The House

'Very minor changes' to pipeline process not enough, says Grand Chief Stewart Phillip

The environmental assessment measures for natural resources projects announced this week by the government are a far cry from what the Liberals promised during the election campaign, according to Grand Chief Stewart Phillip. But Natural Resources Minister Jim Carr argues the interim measures are a step in the right direction.
Natural Resources Minister Jim Carr talks with reporters on his way to a morning session at a cabinet retreat at the Algonquin Resort in St. Andrews, N.B. on Monday, Jan. 18, 2016. The federal Liberals are working on their plans for the year including their upcoming budget. (Andrew Vaughan/Canadian Press)

Indigenous Canadians expect greater federal consultation on pipeline projects and are waiting on the Liberal government to act on its "significant campaign commitments" to aboriginal peoples, says Grand Chief Stewart Phillip.

The promise to review resource development and energy infrastructure with First Nations — and to consult, accommodate and reach consent on projects — is a commitment the president of the Union of B.C. Indian Chiefs said Prime Minister Justin Trudeau has yet to fulfil.

"The [government] announced a couple of very minor changes to the National Energy Board review process, when in fact during the campaign there was a very significant commitment made to overhaul the environmental assessment processes, and in full partnership and consultation with us," Phillip said in an interview with Chris Hall on CBC Radio's The House.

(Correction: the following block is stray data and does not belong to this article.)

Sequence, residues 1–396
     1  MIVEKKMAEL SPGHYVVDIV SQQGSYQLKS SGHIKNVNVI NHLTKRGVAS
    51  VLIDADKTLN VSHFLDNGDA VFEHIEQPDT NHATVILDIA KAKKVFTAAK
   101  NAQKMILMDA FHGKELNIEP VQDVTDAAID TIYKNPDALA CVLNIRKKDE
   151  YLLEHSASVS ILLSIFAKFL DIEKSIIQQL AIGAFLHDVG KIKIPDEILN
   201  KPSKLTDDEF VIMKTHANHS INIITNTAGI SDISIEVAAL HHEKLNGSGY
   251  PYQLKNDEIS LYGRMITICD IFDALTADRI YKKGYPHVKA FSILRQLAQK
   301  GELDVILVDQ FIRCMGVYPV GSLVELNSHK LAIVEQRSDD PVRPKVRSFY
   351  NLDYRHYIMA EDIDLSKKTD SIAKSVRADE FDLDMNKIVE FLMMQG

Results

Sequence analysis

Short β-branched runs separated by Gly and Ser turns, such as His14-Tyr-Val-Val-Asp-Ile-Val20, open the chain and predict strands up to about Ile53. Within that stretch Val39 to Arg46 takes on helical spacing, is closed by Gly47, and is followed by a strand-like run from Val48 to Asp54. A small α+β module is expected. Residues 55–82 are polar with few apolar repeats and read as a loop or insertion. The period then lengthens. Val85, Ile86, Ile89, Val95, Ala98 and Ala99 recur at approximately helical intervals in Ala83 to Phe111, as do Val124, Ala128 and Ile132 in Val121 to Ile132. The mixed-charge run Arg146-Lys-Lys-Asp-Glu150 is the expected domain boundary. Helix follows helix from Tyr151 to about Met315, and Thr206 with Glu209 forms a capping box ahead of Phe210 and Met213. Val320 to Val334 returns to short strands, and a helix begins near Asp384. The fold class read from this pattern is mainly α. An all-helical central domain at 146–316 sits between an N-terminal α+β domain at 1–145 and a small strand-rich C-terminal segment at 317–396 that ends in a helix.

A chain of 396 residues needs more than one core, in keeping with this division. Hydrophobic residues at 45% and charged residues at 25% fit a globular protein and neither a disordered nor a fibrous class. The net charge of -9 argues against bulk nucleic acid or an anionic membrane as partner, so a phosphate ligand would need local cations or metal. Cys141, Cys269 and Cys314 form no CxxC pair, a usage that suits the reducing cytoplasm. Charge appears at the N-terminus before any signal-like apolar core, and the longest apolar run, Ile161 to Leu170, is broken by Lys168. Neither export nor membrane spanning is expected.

Despite the interim measures announced this week, Grand Chief Stewart Phillip continues to have concerns about the way pipeline projects are being reviewed.

"In our view the current pipeline proposals [for Trans Mountain and Energy East] should be suspended until such time as that takes place," he added.

Natural Resources Minister Jim Carr doesn't agree the projects should be suspended. Instead, a set of interim regulations will apply to both Trans Mountain and Energy East.

"What we're doing now with these projects currently under review is establishing a process under current legislative authorities. But we want to use the experience of this interim set of principles to get us to a place where we can, in months or a year or two, get to a permanent reform of the National Energy Board," he said. 

Natural Resources Minister Jim Carr joins us to talk about the government's approach to pipelines.

Carr conceded that even with new measures, it's impossible to get everybody on board when it comes to pipelines.

"Will there be 100 per cent consensus on whatever decisions are finally made? No. Because there are some people who want projects built today without any review at all, and there are some people who don't want any projects under any circumstances... given the green light," he said.

Getting resources to market

The Natural Resources Minister made it clear that the government's goal is to get at least some projects going. "It's a major priority of the government of Canada to get our natural resources to market, sustainably," Carr said.

Ultimately, even with the changes announced this week, the decision to approve Energy East or Trans Mountain will come to cabinet and what ministers consider to be in the "national interest."

Environmental and social considerations will be critical, but so will economical ones.

"Strong economic development for one region almost always will benefit another... We're a federation, we rely on each others' strengths," he said. 

"When one region is strong, the whole country benefits from that strength."